The cell-mediated immune profile induced by a recombinant DNA vaccine was assessed in the simian/HIV (SHIV) and macaque model. The vaccine strategy included coimmunization of a DNA-based vaccine alone or in combination with an optimized plasmid encoding macaque IL-15 (pmacIL-15). We observed strong induction of vaccine-specific IFN-gamma-producing CD8(+) and CD4(+) effector T cells in the vaccination groups. Animals were subsequently challenged with 89.6p. The vaccine groups were protected from ongoing infection, and the IL-15 covaccinated group showed a more rapidly controlled infection than the group treated with DNA vaccine alone. Lymphocytes isolated from the group covaccinated with pmacIL-15 had higher cellular proliferative responses than lymphocytes isolated from the macaques that received SHIV DNA alone. Vaccine antigen activation of lymphocytes was also studied for a series of immunological molecules. Although mRNA for IFN-gamma was up-regulated after antigen stimulation, the inflammatory molecules IL-8 and MMP-9 were down-regulated. These observed immune profiles are potentially reflective of the ability of the different groups to control SHIV replication. This study demonstrates that an optimized IL-15 immune adjuvant delivered with a DNA vaccine can impact the cellular immune profile in nonhuman primates and lead to enhanced suppression of viral replication.
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http://dx.doi.org/10.1073/pnas.0709198104DOI Listing
November 2007

Phagocytosis induces lysosome remodeling and regulated presentation of particulate antigens by activated dendritic cells.

J Immunol 2006 Dec;177(12):8493-503

Department of Dermatology, Center for Biologic Imaging, University of Pittsburgh School of Medicine, Pittsburgh, PA 15217, USA.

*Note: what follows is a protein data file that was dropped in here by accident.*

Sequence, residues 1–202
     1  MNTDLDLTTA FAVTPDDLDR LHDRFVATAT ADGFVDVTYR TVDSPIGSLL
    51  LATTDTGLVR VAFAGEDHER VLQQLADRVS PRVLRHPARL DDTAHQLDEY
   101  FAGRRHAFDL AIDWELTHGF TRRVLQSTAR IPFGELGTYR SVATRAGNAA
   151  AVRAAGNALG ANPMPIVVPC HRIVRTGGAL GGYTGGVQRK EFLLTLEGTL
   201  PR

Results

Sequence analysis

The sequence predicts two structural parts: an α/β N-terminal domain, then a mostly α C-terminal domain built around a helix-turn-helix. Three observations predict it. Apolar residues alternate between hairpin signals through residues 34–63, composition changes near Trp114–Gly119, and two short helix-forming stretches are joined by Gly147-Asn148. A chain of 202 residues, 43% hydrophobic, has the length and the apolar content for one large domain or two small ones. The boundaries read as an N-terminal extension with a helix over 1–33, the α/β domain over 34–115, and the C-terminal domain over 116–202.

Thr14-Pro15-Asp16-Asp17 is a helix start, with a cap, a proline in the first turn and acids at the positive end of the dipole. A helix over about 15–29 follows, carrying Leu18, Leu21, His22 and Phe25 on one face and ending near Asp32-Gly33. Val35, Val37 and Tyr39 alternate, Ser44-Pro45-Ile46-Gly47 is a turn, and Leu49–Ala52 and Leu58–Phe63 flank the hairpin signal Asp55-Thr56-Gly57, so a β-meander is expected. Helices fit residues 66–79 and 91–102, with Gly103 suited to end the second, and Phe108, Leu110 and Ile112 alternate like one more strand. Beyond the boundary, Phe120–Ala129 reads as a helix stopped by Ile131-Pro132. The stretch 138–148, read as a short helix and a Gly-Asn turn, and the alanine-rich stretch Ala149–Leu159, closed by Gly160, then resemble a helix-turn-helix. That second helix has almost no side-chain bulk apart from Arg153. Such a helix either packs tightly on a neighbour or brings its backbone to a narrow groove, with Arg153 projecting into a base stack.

Immunization with particulate Ag effectively induces antitumor and antiviral T cell-mediated immunity. Immature dendritic cells (DCs) efficiently internalize, process, and present a variety of particulate Ags; however, previously published data suggest that both the uptake of soluble Ag through micropinocytosis, and phagocytosis of particulates are significantly curtailed in activated DC populations. In this study, we demonstrate that although macropinocytosis of soluble Ag is diminished following DC activation, subsets of DCs in activated DC populations retain the ability to actively phagocytose particulate Ags. Live cell imaging of activated DCs reveals that phagocytosis of particulates can result in cytoskeletal remodeling and perinuclear lysosome cluster disruption in a time-dependent manner. Interestingly, our results suggest that in activated DC populations, presentation of phagocytosed particulate Ags is dependent on the nature of the activation signal. These results provide direct evidence of functional heterogeneity in DC populations and contribute to the development of particle-based immunization strategies.
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http://dx.doi.org/10.4049/jimmunol.177.12.8493DOI Listing
December 2006